The importance of family identity.

Small toys signifying a community

In my own extended family I have a brother who is adopted, a cousin who is the result of a donor egg, and a nephew who was born as a result of IVF and a donor embryo. The notion of what constitutes a family has changed radically over the last decades and it is becoming the norm for children to share stories in the playground about a whole range of important people in their lives who do not fit into the “nuclear family” model.

Assisting with family disputes in this context is challenging as well as exciting. Many assumptions and biases surface, and it can be enlightening to consider the core values that are relevant in this space.

At the recent AFCC conference there was a fascinating presentation by Albert Frantz, Concert Pianist, Fulbright scholar and TEDx speaker. Albert grew up in a dysfunctional family where he clashed with his father and often wondered why he had nothing in common with him. As an adult he discovered that he had been born as a result of donor sperm and that his father was not his biological father. This started him on a journey to discover who he was and where he came from.

 

 

Albert’s story is amazing. Through DNA testing and the Ancestry Site he was able to track down his biological father and his two half sisters. He discovered his heritage and for the first time in his life found a family where he felt that he belonged. The photos he showed reveal a remarkable physical resemblance, and he described various other interests and attributes that he shared with his biological father and siblings. He described the day that he received the email from his dad acknowledging the connection and wanting to connect with him, as the happiest day of his life!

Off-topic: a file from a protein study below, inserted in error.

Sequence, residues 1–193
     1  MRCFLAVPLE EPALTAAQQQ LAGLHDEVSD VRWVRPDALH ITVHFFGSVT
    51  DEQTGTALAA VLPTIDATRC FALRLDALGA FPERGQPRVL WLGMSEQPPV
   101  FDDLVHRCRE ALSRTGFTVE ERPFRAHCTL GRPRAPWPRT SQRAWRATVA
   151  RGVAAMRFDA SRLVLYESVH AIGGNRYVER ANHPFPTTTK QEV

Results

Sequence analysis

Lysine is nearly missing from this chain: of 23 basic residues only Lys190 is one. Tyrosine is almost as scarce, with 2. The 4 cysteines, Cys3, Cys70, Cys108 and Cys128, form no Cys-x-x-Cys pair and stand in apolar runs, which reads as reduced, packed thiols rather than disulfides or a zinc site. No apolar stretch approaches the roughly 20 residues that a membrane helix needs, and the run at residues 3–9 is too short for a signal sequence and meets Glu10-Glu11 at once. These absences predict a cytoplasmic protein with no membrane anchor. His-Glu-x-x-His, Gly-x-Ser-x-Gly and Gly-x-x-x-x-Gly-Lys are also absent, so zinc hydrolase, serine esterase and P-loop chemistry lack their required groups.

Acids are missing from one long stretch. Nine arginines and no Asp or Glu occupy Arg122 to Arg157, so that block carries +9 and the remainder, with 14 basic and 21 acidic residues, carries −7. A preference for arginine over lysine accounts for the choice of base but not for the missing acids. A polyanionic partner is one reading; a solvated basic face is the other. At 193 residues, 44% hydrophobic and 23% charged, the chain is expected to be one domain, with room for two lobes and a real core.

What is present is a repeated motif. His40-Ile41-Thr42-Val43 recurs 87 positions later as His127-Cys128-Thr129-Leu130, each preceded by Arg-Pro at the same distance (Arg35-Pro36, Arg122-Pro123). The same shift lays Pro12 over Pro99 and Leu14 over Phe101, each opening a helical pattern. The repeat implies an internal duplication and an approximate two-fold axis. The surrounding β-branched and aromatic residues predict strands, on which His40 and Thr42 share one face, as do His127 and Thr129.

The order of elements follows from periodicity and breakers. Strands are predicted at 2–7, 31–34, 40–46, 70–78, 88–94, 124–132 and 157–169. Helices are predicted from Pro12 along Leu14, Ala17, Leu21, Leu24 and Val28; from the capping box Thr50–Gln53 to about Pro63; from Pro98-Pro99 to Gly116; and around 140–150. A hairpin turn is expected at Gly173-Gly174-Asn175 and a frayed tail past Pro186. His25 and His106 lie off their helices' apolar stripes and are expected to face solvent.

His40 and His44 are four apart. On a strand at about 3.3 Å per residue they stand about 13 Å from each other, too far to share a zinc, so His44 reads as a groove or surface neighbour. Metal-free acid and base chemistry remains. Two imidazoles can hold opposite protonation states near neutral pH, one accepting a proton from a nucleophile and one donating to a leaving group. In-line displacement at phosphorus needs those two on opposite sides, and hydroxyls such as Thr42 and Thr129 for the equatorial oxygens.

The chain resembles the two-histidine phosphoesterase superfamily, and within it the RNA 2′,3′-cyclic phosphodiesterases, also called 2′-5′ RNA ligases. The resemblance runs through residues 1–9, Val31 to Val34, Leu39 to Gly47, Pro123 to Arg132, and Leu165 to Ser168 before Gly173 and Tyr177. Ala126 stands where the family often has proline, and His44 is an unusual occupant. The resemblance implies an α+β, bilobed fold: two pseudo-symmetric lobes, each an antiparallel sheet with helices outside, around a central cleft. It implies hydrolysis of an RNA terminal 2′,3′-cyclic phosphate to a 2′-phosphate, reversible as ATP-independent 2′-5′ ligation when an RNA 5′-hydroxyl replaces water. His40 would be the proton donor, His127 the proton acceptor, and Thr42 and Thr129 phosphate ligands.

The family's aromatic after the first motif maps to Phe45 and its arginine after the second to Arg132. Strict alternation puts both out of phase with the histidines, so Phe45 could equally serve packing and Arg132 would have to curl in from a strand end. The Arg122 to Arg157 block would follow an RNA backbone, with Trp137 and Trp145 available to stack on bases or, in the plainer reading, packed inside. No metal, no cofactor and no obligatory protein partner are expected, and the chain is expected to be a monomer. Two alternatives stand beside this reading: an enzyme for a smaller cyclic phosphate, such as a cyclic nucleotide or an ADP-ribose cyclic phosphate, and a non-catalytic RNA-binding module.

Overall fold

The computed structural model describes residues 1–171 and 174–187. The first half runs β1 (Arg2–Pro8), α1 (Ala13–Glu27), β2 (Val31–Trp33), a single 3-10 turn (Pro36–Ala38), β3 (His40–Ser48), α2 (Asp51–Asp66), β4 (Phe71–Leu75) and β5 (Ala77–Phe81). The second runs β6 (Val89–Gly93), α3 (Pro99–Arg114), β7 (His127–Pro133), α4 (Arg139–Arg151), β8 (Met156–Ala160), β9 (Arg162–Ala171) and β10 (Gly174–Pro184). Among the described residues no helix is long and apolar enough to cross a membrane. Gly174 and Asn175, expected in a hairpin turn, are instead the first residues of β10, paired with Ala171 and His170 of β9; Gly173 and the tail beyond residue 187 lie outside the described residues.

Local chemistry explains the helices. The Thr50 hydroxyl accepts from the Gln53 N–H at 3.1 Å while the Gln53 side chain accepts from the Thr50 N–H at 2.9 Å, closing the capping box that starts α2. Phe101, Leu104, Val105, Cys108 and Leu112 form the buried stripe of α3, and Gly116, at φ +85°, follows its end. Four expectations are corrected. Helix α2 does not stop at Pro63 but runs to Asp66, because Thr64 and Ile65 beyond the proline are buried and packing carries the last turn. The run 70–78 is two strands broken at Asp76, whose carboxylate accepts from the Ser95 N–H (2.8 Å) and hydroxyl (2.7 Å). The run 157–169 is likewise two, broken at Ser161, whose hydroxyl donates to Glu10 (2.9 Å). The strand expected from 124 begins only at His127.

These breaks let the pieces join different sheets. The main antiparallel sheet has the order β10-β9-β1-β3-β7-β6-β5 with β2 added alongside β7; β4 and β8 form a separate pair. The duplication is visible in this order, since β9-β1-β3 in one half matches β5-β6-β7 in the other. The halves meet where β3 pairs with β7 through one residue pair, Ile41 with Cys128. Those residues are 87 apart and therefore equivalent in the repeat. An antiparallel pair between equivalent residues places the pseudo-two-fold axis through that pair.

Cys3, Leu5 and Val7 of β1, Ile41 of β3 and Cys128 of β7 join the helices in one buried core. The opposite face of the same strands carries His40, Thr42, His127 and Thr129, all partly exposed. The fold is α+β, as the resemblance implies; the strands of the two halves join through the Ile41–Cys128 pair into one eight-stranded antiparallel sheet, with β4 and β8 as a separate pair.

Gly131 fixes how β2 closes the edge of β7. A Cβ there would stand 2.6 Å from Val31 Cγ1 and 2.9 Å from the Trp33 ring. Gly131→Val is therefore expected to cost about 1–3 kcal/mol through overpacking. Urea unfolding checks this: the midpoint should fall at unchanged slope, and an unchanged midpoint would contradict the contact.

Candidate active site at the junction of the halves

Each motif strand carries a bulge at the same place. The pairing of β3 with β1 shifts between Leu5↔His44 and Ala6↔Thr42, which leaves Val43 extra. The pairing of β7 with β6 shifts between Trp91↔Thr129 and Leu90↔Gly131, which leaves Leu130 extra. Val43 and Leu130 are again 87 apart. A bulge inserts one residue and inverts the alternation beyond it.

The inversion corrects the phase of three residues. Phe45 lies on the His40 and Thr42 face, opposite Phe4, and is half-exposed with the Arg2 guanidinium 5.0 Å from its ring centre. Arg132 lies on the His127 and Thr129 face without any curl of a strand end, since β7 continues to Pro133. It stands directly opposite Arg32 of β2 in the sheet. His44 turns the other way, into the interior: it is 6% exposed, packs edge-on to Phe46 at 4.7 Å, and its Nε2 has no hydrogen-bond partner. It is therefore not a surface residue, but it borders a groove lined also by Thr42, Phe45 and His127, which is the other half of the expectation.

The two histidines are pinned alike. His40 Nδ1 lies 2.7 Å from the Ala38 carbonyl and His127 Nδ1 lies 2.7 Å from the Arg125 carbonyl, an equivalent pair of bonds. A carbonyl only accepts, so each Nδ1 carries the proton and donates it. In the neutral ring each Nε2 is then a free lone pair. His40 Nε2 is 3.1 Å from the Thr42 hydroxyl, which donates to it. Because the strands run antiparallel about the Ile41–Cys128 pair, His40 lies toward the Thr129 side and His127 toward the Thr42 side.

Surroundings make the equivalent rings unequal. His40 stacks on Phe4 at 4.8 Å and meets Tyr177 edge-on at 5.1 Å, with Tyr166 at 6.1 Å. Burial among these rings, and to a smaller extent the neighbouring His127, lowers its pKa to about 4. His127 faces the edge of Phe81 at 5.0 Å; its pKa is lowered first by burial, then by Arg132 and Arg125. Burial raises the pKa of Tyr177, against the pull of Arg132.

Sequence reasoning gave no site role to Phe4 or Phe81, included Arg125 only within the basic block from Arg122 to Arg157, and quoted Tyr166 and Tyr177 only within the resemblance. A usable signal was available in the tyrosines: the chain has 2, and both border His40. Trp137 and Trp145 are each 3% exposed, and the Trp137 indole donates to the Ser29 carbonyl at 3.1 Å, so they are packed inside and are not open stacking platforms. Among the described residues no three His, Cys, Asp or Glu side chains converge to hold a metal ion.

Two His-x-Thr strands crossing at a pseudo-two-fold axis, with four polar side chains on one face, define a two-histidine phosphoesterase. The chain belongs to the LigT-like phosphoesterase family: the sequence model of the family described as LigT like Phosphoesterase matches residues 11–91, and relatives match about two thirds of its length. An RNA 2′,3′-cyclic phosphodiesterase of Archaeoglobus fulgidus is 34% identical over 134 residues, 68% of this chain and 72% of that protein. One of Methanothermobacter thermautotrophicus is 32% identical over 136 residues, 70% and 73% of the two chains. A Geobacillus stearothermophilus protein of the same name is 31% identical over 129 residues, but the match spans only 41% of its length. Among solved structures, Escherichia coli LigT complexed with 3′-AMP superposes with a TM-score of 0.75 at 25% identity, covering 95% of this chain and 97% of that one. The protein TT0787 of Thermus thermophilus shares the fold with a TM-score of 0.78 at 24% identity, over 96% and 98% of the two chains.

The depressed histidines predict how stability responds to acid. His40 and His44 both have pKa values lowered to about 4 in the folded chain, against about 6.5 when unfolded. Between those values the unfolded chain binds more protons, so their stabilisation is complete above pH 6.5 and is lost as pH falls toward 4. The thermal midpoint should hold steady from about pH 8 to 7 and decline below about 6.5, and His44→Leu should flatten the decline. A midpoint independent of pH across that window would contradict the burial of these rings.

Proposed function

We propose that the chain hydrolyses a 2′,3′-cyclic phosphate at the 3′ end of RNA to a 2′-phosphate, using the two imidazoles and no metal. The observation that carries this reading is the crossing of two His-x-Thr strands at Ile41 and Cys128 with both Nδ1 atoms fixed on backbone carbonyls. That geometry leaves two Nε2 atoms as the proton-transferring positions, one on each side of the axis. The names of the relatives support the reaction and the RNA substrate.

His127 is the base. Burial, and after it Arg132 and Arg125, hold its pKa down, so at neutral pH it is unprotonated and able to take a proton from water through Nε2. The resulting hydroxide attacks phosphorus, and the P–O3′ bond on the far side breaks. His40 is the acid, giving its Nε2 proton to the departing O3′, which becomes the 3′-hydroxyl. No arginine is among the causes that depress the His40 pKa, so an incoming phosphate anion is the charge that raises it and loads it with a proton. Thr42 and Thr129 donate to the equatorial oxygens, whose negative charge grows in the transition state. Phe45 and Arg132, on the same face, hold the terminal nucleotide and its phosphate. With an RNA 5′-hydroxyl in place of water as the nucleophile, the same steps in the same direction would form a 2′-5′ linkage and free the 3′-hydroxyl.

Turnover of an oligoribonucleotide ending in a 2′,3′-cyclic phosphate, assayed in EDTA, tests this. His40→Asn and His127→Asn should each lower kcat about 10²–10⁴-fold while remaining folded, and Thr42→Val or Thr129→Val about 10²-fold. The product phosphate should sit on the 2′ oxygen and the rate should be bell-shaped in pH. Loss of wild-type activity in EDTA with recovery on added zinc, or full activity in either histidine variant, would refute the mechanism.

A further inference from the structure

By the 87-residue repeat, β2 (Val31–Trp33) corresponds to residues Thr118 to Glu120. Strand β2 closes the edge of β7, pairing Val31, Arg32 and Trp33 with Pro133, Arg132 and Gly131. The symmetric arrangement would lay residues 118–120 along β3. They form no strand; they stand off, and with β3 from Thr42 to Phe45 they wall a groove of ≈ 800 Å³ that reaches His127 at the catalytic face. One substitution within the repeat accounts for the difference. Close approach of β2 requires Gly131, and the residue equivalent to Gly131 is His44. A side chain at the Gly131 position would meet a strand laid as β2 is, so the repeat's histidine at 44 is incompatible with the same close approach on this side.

Albert promotes a powerful story about identity, bioethics and human rights. He is adamant that everyone needs to know where they came from to have a secure sense of their own identity, and to feel complete. He goes further and advocates that not only the individual who gave you your genetic material but also the cultural background that they fit into has a lot to convey about who you are and your self identity. He believes that nature is much stronger than nurture and that this right is one that reflects a basic human right.

Albert found out that he came from a Jewish background and this now informs much about his personality, likes and dislikes. He has felt an immediate connection with his father, brother and sisters and they share various interests and strengths. It is obvious from seeing and listening to Albert that the loss of this information in his early life, and the discovery of his biological family, has had a profound impact on his personality and his life.

Serious issues arise from these notions for further consideration including:

  • How and when to inform children
  • Access to identifying information
  • Documentation that accurately reflects a person’s important relationships
  • A child’s right to maintain all important relationships in their life
  • How to manage the balance between stability and security, as well as wider relationships, particularly in situations where these issues are regarded differently by various players, and could result in conflict.

At Creative Family Law Solutions we are interested in pursuing these issues, and would love to hear from you if you too would like to consider how they might inform work with separated families and promote best practice.

More resources